Basically in the 70s, 80s, and 90s, companies were raided by big money “investors”.Also, note their pensions. The replacement of pensions with 401(k)s and stock option retirement plans hurt the working class because they are dependent on the market and corporate behavior. Police still get pensions that are funded and guaranteed to hold a certain level. No police retiring in the next few years is worried about the crater the market took because they have unaffected pensions. They’d buy up a majority stock, oust the board, poach any particularly good business (sears got axed into like 5 brands IIRC), and then take the remainder and use short-term loans and leveraging to liquidate.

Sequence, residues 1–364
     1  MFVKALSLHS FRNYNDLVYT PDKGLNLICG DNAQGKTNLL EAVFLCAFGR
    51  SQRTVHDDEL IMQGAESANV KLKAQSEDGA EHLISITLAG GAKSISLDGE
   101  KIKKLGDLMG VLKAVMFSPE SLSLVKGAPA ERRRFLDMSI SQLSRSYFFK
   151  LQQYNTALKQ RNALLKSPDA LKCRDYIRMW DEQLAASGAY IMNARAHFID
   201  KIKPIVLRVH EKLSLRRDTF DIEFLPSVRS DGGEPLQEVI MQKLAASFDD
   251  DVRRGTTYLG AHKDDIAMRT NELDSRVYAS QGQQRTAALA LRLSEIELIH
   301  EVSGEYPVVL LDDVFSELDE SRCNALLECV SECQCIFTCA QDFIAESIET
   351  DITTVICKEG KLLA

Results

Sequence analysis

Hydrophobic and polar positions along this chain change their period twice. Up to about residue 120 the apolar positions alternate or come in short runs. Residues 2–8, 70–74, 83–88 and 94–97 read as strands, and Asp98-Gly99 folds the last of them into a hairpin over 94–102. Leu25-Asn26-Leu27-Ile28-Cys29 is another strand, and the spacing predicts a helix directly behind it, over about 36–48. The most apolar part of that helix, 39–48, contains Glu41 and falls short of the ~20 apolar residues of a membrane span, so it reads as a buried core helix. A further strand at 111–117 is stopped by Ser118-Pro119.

Sell off before the drop, let the suckers deal with the fallout. This caused a ton of changes throughout the decades to combat it. Look up poison pill strategies, white knights, the origin of golden parachutes, etc. The main one on this topic is pensions, or rather any liquid assets. Pensions need liquidity to fund. As such, businesses put a target on their back to have them. Liquid assets are the easiest thing for raiders to steal. A lot of liquidity has been lost to this constant predatory behavior, nipping on businesses’ heels. Same in reverse. Unions are an inherent good because they achieve a balance between labor and ownership/management.
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